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Correlated equilibrium and behavioural conformity

  • Cartwright, Edward

    (Department of Economics, University of Kent)

  • Wooders, Myrna

    (Department of Economics, University of Warwick)

Is conformity amongst similar individuals consistent with self-interested behavior? We consider a model of incomplete information in which each player receives a signal, interpreted as an allocation to a role, and can make his action choice conditional on his role. Our main result demonstrates that ‘near to’ any correlated equilibrium is an approximate correlated equilibrium ‘with conformity’ — that is, an equilibrium where all ‘similar players’ play the same strategy, have the same probability of being allocated to each role, and receive approximately the same payoff; in short, similar players ‘behave in an identical way’ and are treated nearly equally. To measure ‘similarity’ amongst players we introduce the notions of approximate substitutes and a (d, Q)-class games — a game with Q classes of players where all players in the same class are d-substitutes for each other.

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File URL: http://www2.warwick.ac.uk/fac/soc/economics/research/workingpapers/2008/twerp_732.pdf
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Paper provided by University of Warwick, Department of Economics in its series The Warwick Economics Research Paper Series (TWERPS) with number 732.

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Length: 18 pages
Date of creation: 2005
Date of revision:
Handle: RePEc:wrk:warwec:732
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Web page: http://www2.warwick.ac.uk/fac/soc/economics/

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  1. Shaun Hargreaves-Heap & Yanis Varoufakis, 2002. "Some Experimental Evidence On The Evolution Of Discrimination, Co--Operation And Perceptions Of Fairness," Economic Journal, Royal Economic Society, vol. 112(481), pages 679-703, July.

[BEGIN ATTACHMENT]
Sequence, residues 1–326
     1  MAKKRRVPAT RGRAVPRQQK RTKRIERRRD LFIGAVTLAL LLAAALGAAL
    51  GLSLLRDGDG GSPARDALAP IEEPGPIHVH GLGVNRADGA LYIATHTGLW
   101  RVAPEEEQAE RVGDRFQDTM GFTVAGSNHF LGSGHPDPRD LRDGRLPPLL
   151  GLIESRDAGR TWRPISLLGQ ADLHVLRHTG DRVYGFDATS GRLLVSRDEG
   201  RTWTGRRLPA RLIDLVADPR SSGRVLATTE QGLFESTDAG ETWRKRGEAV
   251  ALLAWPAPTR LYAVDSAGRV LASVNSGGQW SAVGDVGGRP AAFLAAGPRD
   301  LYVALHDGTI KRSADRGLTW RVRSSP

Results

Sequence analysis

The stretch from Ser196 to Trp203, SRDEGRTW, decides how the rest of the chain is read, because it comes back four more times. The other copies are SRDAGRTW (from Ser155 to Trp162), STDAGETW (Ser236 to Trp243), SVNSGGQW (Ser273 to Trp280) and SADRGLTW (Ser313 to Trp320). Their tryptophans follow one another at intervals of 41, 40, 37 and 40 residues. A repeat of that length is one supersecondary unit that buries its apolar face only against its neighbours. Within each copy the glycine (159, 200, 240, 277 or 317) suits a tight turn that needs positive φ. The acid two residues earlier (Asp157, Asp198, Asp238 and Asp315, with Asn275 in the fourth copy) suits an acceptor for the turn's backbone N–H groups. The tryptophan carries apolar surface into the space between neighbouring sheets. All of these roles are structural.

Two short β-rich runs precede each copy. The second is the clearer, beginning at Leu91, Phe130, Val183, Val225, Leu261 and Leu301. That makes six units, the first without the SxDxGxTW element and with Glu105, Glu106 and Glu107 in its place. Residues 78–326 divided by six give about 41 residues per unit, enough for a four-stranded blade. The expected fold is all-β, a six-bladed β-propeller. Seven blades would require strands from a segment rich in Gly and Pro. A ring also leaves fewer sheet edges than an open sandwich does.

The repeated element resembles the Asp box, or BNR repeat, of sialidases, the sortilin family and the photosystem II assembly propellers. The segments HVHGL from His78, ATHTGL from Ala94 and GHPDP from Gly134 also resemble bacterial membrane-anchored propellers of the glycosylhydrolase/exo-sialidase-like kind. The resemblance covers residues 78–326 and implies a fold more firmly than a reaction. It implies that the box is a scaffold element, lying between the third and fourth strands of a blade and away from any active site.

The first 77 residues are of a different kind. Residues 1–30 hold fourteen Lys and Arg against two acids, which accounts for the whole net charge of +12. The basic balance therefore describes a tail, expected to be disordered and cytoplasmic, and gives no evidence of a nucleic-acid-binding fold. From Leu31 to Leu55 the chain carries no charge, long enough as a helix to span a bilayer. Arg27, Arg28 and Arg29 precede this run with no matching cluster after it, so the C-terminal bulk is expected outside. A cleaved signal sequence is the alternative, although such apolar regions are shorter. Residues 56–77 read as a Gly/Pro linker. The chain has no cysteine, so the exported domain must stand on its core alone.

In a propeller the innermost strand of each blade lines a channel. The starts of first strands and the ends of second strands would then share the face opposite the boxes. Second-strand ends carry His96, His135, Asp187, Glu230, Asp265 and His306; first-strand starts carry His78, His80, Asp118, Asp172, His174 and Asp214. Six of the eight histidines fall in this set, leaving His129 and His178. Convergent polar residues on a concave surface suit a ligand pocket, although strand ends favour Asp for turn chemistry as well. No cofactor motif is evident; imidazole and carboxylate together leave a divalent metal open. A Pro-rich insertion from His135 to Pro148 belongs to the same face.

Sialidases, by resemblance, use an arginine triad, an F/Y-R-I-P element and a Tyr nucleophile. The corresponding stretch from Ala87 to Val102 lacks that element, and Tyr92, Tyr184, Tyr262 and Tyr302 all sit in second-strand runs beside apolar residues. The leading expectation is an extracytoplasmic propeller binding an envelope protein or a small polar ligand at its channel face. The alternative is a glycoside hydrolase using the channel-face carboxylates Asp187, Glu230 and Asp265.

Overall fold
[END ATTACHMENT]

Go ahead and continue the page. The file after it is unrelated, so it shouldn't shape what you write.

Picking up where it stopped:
2. Kovalenkov, Alexander & Wooders, Myrna Holtz, 2002. "Approximate Cores Of Games And Economies With Clubs," The Warwick Economics Research Paper Series (TWERPS) 634, University of Warwick, Department of Economics.
  3. AUMANN, Robert J., . "Subjectivity and correlation in randomized strategies," CORE Discussion Papers RP -167, Université catholique de Louvain, Center for Operations Research and Econometrics (CORE).
  4. Sergiu Hart, 2004. "Adaptive Heuristics," Discussion Paper Series dp372, The Federmann Center for the Study of Rationality, the Hebrew University, Jerusalem.
  5. Edward Cartwright, 2002. "Learning to play approximate Nash equilibria in games with many players," Levine's Working Paper Archive 506439000000000070, David K. Levine.
  6. Wooders, Myrna & Edward Cartwright & Selten, Reinhard, 2002. "Social Conformity And Equilibrium In Pure Strategies In Games With Many Players," The Warwick Economics Research Paper Series (TWERPS) 636, University of Warwick, Department of Economics.
  7. Van Huyck, John B & Battalio, Raymond C & Rankin, Frederick W, 1997. "On the Origin of Convention: Evidence from Coordination Games," Economic Journal, Royal Economic Society, vol. 107(442), pages 576-96, May.
  8. R. Aumann, 2010. "Correlated Equilibrium as an expression of Bayesian Rationality," Levine's Bibliography 513, UCLA Department of Economics.
  9. Brandenburger, Adam & Dekel, Eddie, 1987. "Rationalizability and Correlated Equilibria," Econometrica, Econometric Society, vol. 55(6), pages 1391-1402, November.
  10. Rapoport, Amnon & Seale, Darryl A. & Winter, Eyal, 2002. "Coordination and Learning Behavior in Large Groups with Asymmetric Players," Games and Economic Behavior, Elsevier, vol. 39(1), pages 111-136, April.
  11. Friedman, Daniel, 1996. "Equilibrium in Evolutionary Games: Some Experimental Results," Economic Journal, Royal Economic Society, vol. 106(434), pages 1-25, January.
  12. Sugden, Robert, 1995. "A Theory of Focal Points," Economic Journal, Royal Economic Society, vol. 105(430), pages 533-50, May.
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